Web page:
Figure 3. Securitized credit performance series comprises ten constituents
Figure 3. Securitized credit performance series comprises ten constituents

Source: Morningstar Direct, eVestment and Voya Investment Management as of March 31. 2020.

*Mutual fund listed in eVestment.

Step 3: Build a Performance Series

With our constituents identified, the performance series and the underlying securitized credit portfolio were built using the following portfolio construction rules:

  1. Starting the series required that three mutual funds exist
  2. Implement equal-weighted allocations
  3. Rebalance the portfolio at the end of each calendar year
  4. Add new constituents at the end of every calendar year

As a result, Voya’s securitized credit performance series and the accompanying optimization work begins January 1, 2013. A summary of the model portfolio year-by-year constituents through 2020 is summarized in Figure 4.

Figure 4. Securitized credit model allocations over time
Figure 4. Securitized credit model allocations over time

Source: Morningstar Direct and Voya Investment Management as of March 31, 2020

Step 4: Define Home Base

With the securitized credit model portfolio built and a performance series created, the next step in this project was to define home base and understand what we would be optimizing to. For our research, we looked to identify potential funding sources for securitized credit allocations by analyzing correlations, annualized returns and volatilities with an objective of enhancing risk-adjusted returns.

In the midst of this project, Covid-19 gripped the financial markets. This event was both disruptive and instructive, presenting a unique opportunity to conduct research including and excluding a “black swan” tail event. The stability and variability in the statistics as well as the optimization results would be informative and influential. In fact, these events influenced our decision to identify allocation bands rather than to specify a pinpoint forecast.

We began with a review of correlations for the two periods as illustrated in Figure 5. We constructed correlation matrices for the periods 2013 through 2019, which excludes the Covid-19 tail event and 2013 through March 2020, to include Covid-19. Analyses of correlations and the shifts in correlations serve as a guide to which other sectors of the broad fixed income market could serve as sources for securitized credit allocations, as well as for our home base portfolio.

Figure 5. Before Covid-19, securitized credit demonstrated low correlation to high yield and bank loans — after Covid-19, correlations increased measurably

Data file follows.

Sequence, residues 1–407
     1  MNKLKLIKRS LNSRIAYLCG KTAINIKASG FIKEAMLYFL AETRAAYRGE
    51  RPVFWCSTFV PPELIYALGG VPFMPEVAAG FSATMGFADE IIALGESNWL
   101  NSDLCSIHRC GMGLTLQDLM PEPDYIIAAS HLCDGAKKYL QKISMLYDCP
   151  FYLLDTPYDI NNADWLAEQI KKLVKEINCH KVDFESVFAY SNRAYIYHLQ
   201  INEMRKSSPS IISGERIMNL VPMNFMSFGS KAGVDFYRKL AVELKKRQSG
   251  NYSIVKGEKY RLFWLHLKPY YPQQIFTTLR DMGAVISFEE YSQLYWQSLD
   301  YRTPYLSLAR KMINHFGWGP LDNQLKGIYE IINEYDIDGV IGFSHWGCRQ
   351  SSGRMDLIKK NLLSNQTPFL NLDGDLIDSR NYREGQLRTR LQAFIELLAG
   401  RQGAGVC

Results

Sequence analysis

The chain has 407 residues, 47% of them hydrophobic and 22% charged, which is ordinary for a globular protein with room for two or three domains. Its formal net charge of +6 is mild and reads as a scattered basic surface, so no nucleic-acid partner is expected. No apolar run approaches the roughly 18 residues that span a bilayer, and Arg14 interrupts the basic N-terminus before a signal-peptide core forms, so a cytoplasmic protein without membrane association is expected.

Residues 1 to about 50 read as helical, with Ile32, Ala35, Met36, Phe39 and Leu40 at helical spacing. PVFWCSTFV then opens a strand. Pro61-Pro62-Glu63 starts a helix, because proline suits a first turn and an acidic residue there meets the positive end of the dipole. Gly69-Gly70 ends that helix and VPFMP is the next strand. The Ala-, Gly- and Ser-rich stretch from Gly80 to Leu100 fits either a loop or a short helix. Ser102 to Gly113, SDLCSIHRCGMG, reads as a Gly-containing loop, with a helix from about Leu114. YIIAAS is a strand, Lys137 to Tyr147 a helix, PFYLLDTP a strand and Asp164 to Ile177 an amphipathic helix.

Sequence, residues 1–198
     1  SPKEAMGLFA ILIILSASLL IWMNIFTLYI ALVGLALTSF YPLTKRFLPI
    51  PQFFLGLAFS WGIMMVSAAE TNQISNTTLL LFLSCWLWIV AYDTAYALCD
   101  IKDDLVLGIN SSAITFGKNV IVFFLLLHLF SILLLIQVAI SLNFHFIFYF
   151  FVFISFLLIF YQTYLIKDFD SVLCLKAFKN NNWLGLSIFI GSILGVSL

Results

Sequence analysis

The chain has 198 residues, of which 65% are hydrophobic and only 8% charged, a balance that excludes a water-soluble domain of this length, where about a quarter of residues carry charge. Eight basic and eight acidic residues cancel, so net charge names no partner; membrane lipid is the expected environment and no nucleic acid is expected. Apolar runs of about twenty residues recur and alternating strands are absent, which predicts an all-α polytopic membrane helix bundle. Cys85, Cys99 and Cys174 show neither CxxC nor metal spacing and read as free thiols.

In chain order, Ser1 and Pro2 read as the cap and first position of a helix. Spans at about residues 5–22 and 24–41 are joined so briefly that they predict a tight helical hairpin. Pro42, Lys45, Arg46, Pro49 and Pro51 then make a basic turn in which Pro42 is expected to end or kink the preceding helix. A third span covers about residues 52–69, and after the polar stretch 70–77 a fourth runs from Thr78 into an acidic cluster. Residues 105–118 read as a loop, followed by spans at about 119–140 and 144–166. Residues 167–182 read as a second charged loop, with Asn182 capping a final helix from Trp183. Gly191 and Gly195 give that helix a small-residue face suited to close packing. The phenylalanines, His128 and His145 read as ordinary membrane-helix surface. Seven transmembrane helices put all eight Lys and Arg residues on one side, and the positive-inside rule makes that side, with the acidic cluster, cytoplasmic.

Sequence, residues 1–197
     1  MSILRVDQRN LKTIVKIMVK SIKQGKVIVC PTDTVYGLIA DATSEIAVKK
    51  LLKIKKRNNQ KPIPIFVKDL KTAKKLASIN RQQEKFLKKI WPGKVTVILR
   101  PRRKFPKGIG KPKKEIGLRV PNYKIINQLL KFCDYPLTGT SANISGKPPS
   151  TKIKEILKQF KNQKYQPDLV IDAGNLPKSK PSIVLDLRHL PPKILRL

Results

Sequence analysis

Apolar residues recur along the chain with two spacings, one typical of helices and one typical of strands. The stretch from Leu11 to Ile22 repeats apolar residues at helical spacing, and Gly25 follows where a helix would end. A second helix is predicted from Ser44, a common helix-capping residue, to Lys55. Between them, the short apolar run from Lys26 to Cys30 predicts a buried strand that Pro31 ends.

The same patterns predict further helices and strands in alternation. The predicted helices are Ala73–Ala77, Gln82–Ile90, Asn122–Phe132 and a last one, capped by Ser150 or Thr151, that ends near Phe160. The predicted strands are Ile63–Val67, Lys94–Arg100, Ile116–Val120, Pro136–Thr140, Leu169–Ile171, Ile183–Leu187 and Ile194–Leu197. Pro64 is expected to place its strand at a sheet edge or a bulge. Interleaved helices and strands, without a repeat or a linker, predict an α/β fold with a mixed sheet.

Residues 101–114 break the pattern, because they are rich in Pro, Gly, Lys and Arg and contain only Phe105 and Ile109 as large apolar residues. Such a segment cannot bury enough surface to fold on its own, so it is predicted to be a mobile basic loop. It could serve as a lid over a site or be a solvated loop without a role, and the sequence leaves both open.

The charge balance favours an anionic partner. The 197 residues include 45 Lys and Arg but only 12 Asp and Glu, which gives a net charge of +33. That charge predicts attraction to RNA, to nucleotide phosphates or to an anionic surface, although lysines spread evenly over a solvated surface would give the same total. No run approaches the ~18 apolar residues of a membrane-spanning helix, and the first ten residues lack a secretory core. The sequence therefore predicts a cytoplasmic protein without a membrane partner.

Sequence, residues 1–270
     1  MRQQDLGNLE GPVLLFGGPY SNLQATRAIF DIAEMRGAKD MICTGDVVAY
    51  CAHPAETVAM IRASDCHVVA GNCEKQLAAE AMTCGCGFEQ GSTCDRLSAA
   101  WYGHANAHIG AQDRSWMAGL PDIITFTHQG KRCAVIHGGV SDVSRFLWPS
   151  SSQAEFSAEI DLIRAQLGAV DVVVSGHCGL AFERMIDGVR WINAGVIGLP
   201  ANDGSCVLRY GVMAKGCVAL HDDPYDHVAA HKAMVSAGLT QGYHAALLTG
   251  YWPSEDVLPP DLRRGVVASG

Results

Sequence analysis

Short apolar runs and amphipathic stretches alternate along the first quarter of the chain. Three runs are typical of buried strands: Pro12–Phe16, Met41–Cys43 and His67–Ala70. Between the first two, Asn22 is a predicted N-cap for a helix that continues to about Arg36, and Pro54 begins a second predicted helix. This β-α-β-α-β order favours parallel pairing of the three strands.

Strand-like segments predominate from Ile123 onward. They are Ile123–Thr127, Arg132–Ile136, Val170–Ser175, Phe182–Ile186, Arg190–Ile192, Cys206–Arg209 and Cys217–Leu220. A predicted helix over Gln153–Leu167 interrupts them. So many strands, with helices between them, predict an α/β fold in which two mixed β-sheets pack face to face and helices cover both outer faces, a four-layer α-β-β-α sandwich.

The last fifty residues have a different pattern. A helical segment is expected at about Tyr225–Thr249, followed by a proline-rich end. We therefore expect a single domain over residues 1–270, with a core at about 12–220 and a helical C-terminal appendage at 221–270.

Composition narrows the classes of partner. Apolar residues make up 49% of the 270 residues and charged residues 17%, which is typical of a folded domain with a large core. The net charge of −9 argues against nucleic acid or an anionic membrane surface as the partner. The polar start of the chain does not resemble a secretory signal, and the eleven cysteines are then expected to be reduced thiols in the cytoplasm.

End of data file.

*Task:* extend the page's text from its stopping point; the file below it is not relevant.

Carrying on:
Figure 5. Before Covid-19, securitized credit demonstrated low correlation to high yield and bank loans — after Covid-19, correlations increased measurably

Source: Morningstar Direct, Bloomberg Barclays, S&P/LSTA and Voya Investment Management as of March 31, 2020. Asset class definitions: Aggregate = Bloomberg Barclays U.S. Aggregate Bond index, bank loans = S&P/LSTA Leveraged Loan index, high yield = Bloomberg Barclays U.S. High Yield 2% Issuer Cap index, MBS = Bloomberg Barclays U.S. Mortgage-Backed Securities index, securitized credit = securitized credit performance series. One cannot directly invest in an index. Past performance is no guarantee of future results.

As summarized in Figure 5, high yield and bank loans are loosely correlated to our securitized credit performance series for the preCovid-19 data set, while the Bloomberg Barclays Aggregate index and agency mortgage-backed securities had a lower correlation. Meanwhile, the correlations estimated with the post-Covid-19 data set for high yield and bank loans increased while the correlations to the Aggregate and agency mortgage-backed securities decreased. In addition to correlations, we reviewed annualized returns and standard deviations for both periods, with the results illustrated in Figure 6. Evaluating a risk/return graph for both periods crystallizes funding sources that will serve as home base.

Figure 6. Securitized credit’s risk/reward profile has held up through Covid-19
Figure 6. Securitized credit’s risk/reward profile has held up through Covid-19

Source: Morningstar Direct and Voya Investment Management. Asset class definitions: Aggregate = Bloomberg Barclays U.S. Aggregate Bond index, bank loans = S&P/LSTA Leveraged Loan index, high yield = Bloomberg Barclays U.S. High Yield 2% Issuer Cap index, MBS = Bloomberg Barclays U.S. Mortgage-Backed Securities index, securitized credit = securitized credit performance series. One cannot directly invest in an index. Past performance is no guarantee of future results.

When reviewing the risk/return plots for the two data sets, agency mortgage-backed securities (MBS) and the Aggregate hovered in a similar range for both periods. This contrasts with high yield, bank loans and securitized credit, which saw substantive shifts. Our review of risk/return in conjunction with our correlation analysis led us to a framework focused on identifying optimal allocation bands for securitized credit in the context of a home base portfolio that included high yield and bank loans. We believe this decision is intuitive and highlights clear parallels between the two asset classes. Securitized credit is primarily spread risk, higher yielding and includes fixed and floating rate instruments. In the corporate credit arena, high yield is a fixed rate opportunity set and bank loans are a floating rate opportunity set; both are primarily spread risk assets and have historically offered higher returns albeit with higher volatility.